WASHINGTON, April 22 (Reuters) - The U.S. Supreme Court on Monday declined to hear a bid by Vanda Pharmaceuticals to revive patents for its sleep-disorder drug Hetlioz that were previously declared invalid in a dispute with generic drugmakers Teva and Apotex.

The justices turned away Vanda's appeal of a lower court's ruling against the company, which in 2018 had sued Teva and Apotex in Delaware for patent infringement after they applied to make generic versions of Vanda's Hetlioz, a circadian-rhythm drug used to treat rare sleep disorders.

In the case, the Supreme Court declined a chance to consider for the first time since 2007 when a patent can be invalidated as "obvious" based on earlier publications describing the same invention.

Washington-based Vanda earned more than $100 million from sales of Hetlioz in 2023, according to a company report.

U.S. District Judge Colm Connolly ruled against Vanda and cleared a hurdle for the generics in 2022. Connolly found Vanda's patents invalid based on clinical trial results, U.S. Food and Drug Administration guidance and other documents that, when combined, would have made the patented inventions obvious to a scientist in the field.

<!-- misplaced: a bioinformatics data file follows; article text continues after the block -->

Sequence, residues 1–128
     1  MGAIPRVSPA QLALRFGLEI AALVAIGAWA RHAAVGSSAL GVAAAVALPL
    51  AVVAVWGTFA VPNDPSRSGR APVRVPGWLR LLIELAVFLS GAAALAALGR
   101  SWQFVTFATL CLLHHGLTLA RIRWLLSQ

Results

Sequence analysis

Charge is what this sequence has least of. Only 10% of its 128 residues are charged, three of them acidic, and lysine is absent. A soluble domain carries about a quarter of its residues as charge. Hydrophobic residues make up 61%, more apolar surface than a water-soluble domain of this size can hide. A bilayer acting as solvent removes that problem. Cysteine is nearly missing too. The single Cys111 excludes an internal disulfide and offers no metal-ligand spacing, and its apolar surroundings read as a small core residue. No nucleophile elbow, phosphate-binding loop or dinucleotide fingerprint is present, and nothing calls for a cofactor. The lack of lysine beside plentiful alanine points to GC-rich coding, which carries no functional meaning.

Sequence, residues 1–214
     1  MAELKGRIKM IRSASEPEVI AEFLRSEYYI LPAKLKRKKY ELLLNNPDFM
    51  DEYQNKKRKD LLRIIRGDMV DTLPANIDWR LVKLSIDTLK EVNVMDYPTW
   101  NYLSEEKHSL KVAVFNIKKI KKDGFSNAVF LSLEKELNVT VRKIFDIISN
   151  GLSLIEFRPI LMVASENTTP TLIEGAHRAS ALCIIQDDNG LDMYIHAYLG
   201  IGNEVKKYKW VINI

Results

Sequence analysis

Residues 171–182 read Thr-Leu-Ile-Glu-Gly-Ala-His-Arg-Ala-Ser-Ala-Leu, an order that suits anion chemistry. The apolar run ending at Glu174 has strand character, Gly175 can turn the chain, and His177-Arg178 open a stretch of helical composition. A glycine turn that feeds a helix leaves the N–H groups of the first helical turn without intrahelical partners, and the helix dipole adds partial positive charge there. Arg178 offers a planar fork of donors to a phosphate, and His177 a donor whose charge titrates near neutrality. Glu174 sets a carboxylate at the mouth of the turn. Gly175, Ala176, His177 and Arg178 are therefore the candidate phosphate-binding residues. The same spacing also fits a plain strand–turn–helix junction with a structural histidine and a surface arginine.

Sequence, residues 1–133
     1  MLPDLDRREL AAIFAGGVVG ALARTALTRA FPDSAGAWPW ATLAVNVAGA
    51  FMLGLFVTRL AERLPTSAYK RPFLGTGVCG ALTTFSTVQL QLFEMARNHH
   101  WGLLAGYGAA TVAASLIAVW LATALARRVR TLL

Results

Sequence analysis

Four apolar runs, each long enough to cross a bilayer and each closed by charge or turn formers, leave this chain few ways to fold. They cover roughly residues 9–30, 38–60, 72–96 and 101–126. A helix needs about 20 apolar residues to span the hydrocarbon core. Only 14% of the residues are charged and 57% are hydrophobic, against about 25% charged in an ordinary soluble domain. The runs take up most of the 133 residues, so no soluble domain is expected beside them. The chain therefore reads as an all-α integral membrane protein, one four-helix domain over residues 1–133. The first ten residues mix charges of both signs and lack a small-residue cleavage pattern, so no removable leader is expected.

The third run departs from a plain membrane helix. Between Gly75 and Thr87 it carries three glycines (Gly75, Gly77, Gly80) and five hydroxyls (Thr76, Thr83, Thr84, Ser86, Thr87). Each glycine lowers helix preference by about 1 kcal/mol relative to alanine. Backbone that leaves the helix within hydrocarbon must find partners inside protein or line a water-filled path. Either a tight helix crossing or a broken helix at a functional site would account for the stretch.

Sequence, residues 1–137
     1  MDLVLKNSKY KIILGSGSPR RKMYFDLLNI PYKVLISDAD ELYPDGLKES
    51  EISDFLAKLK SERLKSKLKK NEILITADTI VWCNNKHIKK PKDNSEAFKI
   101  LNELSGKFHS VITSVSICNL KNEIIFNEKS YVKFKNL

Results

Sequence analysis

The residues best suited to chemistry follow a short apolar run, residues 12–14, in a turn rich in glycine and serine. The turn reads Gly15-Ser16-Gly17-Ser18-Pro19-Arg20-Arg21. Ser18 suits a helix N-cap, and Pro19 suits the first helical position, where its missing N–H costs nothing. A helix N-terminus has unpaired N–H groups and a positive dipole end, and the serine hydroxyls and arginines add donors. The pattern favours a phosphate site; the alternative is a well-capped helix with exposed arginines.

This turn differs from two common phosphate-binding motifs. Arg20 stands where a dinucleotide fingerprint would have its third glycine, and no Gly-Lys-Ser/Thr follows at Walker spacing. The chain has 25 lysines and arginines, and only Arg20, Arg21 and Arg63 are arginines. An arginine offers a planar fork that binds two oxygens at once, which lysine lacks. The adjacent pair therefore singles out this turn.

The patent-focused U.S. Court of Appeals for the Federal Circuit upheld the decision in 2023. Vanda asked the Supreme Court in January to hear its appeal.

Vanda told the justices that the Federal Circuit has "charted its own course" and adopted a lower standard than the Supreme Court mandated for determining obviousness.

"Most relevant here, it threatens to render many advancements in drug development unpatentable," Vanda said. "That is an especially pernicious result for rare diseases, where patent-based incentives are crucial for innovators to invest the billions required to develop new, successful treatments."

Israel-based Teva and Canada-based Apotex responded that Vanda was merely trying to extend its patent monopoly on Hetlioz and that the case "involves nothing more than the routine, fact-bound application of settled obviousness law."

(Reporting by Blake Brittain in Washington; Editing by Will Dunham)